Forty-two school districts from Palo Alto to Elk Grove to Carlsbad are asking a court to throw out a lawsuit alleging that the districts’ elementary school students do not receive the minimum amount of physical education instruction required by law, according to court documents filed on Monday and last week.
The documents are the first flurry of rebuttals to a lawsuit filed this fall against 89 school districts and the California Department of Education by the advocacy group Cal200, Albany attorney Donald Driscoll and Alameda resident Marc Babin.
Filed in San Francisco Superior Court, the suit, Cal200 and Marc Babin v. Apple Valley Unified et al., charges the districts with failing to provide elementary school students with a minimum of 200 minutes of physical education instruction every 10 days, as required under the California Education Code. The lawsuit also charges that the California Department of Education encouraged districts to falsify data.
The suit alleges that California Department of Education employees advised districts that were undergoing Federal Program Review – a federal compliance check on many measures including physical education instruction – to submit falsified paperwork. The suit states education department employees directed districts to file documents that showed they were providing 200 minutes of physical instruction, even when the classroom teachers’ schedules showed they weren’t. “This, naturally, results in widespread fraud in the area of physical education monitoring,” the lawsuit alleges.
The lawsuit included a series of alleged email exchanges between the department and officials in the unified districts of Porterville, Dinuba and San Juan, in which a department staff member instructed the district officials to change information.
In one alleged incident, a department employee complained that Porterville Unified had uploaded a teacher schedule that showed 80 minutes of physical education over one week, when 100 were required.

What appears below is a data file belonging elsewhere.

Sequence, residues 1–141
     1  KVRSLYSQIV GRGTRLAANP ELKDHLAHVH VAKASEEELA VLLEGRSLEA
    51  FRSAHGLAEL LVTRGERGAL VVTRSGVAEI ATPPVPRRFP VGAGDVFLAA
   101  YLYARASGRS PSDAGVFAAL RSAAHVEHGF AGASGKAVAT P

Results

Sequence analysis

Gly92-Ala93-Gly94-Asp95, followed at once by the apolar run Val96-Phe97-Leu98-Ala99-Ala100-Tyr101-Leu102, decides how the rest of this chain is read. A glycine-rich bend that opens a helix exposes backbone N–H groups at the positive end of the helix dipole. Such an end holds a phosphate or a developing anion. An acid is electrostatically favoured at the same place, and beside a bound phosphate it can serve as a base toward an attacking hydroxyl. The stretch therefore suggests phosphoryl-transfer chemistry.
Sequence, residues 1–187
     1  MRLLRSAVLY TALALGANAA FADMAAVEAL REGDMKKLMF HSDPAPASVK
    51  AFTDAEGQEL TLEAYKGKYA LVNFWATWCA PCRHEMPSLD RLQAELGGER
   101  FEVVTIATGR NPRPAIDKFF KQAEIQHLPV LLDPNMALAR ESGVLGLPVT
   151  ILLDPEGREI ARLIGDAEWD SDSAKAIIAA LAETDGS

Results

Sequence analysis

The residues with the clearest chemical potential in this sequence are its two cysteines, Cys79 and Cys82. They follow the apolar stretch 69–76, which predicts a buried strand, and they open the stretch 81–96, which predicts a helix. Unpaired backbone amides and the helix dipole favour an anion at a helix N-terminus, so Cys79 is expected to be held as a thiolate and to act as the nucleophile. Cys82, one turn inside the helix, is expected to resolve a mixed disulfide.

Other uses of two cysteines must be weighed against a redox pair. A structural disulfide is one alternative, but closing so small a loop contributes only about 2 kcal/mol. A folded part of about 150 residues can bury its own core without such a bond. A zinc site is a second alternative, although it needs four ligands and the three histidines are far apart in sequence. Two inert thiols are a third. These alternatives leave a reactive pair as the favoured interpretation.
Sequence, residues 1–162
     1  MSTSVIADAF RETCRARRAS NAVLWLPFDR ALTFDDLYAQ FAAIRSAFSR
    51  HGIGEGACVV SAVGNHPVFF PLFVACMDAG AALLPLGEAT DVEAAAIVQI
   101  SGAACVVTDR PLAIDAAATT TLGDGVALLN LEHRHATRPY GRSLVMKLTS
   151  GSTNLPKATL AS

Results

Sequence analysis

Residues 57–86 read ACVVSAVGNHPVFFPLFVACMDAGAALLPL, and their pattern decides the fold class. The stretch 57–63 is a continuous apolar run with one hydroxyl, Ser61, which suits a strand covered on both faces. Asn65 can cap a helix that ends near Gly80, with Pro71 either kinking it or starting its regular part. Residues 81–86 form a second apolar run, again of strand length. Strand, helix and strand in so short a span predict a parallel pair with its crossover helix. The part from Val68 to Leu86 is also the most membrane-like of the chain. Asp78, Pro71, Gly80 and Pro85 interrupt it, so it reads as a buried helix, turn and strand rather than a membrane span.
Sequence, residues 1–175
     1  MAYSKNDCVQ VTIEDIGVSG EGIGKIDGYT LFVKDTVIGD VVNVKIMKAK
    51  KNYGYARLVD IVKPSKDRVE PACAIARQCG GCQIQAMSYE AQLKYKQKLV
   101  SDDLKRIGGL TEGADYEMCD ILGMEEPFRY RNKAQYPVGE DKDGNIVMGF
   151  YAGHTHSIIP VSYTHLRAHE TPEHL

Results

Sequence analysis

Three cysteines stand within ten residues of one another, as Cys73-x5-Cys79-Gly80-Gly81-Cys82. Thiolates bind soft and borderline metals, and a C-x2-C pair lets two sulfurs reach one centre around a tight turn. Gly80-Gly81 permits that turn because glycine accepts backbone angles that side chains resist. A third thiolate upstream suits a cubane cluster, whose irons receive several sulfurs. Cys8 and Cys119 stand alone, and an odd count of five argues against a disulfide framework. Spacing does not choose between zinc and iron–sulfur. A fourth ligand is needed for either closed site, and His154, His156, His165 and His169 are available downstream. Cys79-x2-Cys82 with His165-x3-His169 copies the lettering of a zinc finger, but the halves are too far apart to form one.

“Please upload a schedule for this teacher showing 100 minutes for the week,” the department employee allegedly wrote.
The California Department of Education declined to comment on the case.
In their rebuttals, the unified school districts, including San Diego, Sacramento City, San Juan, Sanger and Poway, argued that Cal200 had no standing to file a case, could not provide evidence of district non-compliance or was wrong in its allegations.
The Buckeye Union School District, for instance, claimed that Cal200 failed to provide sufficient factual evidence. Cal200 filed a court document that included images of teacher schedules from Buckeye, Cajon Valley Union and Capistrano Unified. In the Buckeye Union district, the schedule for Mrs. Paridon’s 3rd grade class, for example, listed physical education as occurring once a week on Mondays from 1:40 to 2:10 p.m.
“District after district said they were complying,” Driscoll said. “All you have to do is look at the web to know they’re not.”
The remaining districts and the California Department of Education have yet to file a response with the court.
Cal200, Babin and Driscoll successfully sued and reached a settlement this past spring with 37 school districts, including Los Angeles Unified, that now requires the districts to create a publicly visible online tracking system or a paper binder of schedules to allow parents to see when their children are receiving physical education.
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